Getting the Important Stuff Done with TheBrain

January 5, 2011
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pblogo_checkWe are a society of overcommitted and far too busy people. Sometimes it can feel like our day is gone before we even get started. With so many responsibilities and projects moving at once it’s critical to manage and control the flow of your information, your time for each project and even the desirability of the projects themselves.

Last month we did a Webinar called “First Things First” that explored how TheBrain can be used for prioritization and focus of projects. Here are a few key principles that we discussed.

You Need to Capture and Clarify to Execute

The more stuff you can get out of your head and into a tangible visible form, the easier it is to organize these tasks and act on them. This also frees your mind from the mental clutter and stress of all your commitments. This is a key premise of David Allen’s GTD methodology and a key method of personal organization for busy executives.  TheBrain is ideal for capturing key goals and just stuff that is taking up mental space in your wet Brain.

Whether you are using David Allen’s “Horizons of Focus” or mind mapping key responsibilities in your life, crafting and visualizing the big picture will help you stay on track. So often we are busy but our heads are at the “runway level” – so focused on the daily grind we don’t see the broader implications of our plans. For instance, companies work very hard to promote and sell their products but they may fail to research and develop the right products for the future. Conversely, if we can’t even keep our heads above water because we are so mired in the task at hand it will be very difficult to make future plans.  Thus creating Thoughts for managing daily activities and long-term goals are both critical for your TheBrain.

David Allen talks about 6 levels of work which may also be thought of in terms of altitude.


TheBrain can visualize all horizons of focus.  The GTD (Getting Things Done) methodology asserts that if your mind is pre-occupied with a number of open loops and daily tasks, you cannot effectively focus on higher level life goals. That being said, because of the visual nature of TheBrain, you may decide to create a Brain or a specific area in your Brain exclusively for one or more of these horizons of focus.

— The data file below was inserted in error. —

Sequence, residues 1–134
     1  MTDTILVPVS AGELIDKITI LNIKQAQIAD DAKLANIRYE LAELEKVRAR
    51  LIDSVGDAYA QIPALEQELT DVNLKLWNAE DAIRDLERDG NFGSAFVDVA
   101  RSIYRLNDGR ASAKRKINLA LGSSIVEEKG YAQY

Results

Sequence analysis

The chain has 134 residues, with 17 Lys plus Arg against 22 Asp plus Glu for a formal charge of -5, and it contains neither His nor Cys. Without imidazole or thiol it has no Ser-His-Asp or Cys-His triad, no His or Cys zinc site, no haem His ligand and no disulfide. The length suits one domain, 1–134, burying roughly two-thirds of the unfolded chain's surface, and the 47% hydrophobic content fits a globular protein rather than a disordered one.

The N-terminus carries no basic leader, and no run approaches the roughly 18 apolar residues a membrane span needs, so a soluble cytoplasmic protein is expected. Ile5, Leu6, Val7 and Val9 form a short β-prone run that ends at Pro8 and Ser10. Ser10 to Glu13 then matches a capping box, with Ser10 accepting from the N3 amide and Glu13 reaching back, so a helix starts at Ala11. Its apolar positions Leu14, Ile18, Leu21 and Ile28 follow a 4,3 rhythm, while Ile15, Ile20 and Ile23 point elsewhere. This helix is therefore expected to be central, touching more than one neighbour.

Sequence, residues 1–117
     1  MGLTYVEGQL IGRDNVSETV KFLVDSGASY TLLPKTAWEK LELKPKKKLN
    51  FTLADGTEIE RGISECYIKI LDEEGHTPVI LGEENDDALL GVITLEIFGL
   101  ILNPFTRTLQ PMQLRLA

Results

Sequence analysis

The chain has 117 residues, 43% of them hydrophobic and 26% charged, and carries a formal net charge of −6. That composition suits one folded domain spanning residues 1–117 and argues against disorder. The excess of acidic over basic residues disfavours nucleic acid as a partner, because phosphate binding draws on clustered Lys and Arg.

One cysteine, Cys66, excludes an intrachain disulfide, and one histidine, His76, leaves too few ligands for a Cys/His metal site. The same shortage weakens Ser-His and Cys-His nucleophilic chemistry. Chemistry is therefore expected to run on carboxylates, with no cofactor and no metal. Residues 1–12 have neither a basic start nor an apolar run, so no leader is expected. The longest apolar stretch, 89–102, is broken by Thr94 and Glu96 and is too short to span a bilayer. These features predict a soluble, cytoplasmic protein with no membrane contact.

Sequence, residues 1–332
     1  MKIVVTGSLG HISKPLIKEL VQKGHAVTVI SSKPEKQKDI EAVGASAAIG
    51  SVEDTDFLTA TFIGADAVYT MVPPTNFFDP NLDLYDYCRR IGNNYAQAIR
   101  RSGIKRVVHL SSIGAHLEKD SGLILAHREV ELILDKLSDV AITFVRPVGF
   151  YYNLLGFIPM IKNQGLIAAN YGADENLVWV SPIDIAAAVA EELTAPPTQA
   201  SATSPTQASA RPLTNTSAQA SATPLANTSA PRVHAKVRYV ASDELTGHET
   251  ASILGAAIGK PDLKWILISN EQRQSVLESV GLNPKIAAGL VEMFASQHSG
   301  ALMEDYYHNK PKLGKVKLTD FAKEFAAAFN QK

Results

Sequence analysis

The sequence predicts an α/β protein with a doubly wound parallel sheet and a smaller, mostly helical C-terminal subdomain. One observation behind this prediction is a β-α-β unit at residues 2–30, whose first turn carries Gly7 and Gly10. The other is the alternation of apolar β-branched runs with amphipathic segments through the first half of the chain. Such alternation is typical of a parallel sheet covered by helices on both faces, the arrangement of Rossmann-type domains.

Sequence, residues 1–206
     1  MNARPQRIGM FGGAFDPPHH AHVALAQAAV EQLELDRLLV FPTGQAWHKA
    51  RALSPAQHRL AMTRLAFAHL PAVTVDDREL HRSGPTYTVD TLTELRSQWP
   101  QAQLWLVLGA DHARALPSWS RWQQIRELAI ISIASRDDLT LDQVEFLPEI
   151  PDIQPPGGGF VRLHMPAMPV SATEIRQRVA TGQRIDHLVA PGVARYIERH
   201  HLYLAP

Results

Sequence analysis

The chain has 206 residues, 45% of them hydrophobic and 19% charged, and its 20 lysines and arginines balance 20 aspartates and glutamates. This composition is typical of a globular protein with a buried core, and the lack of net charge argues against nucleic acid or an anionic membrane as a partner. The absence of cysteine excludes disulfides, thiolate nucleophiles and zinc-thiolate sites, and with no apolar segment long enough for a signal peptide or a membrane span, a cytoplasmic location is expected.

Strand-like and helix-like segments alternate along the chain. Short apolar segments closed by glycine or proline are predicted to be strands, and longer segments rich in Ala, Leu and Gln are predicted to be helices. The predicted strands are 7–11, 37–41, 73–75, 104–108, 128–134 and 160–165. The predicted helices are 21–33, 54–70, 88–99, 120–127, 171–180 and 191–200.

From current to-dos, up to long-term goals this continuum of insight on projects must all be captured in your Brain.

Be Aware of Your Commitments

One way to really identify what is important and stay on track is to represent all your key commitments as Thoughts in your TheBrain. It’s quite telling to see how many you have and the connections they lead to. I suggest creating a Thought called commitments. (If you are using the GTD approach these would fall under the 20,000 foot altitude.) This section in your Brain will visualize all the key areas of your life. These might include family, community involvement, this quarter’s sales numbers, new design projects, trips with friends, etcetera.

Once you have all your commitments captured you will need to take a step back and prioritize or even delete a few!  You can use Thought types and tags in TheBrain to visually prioritize your responsibilities. Use bright colors to represent and visualize the more important projects or commitments.

Current Projects

Thought Types for “Green Lighted Projects” and your “Action Items” convey a visual priority when juggling multiple projects.

Seeing all this in your digital Brain enables you to be more conscious of what you need to focus on. From here you can either set some new goals for the year or use TheBrain to execute on your existing commitments through goal directed visualization.

Use Goal Directed Visualization

As the New Year is upon us, I suggest you start by creating Thoughts for all your key New Year’s resolutions or goals for 2011. These can be under your “Horizons of Focus” or in a new 2011 area in your TheBrain.

Now you can focus your projects and intentions with an end in sight. The idea is to direct your attention and energy from a set of obstacles to a set of choices: the more specific and definable the choices, the better the chance for success.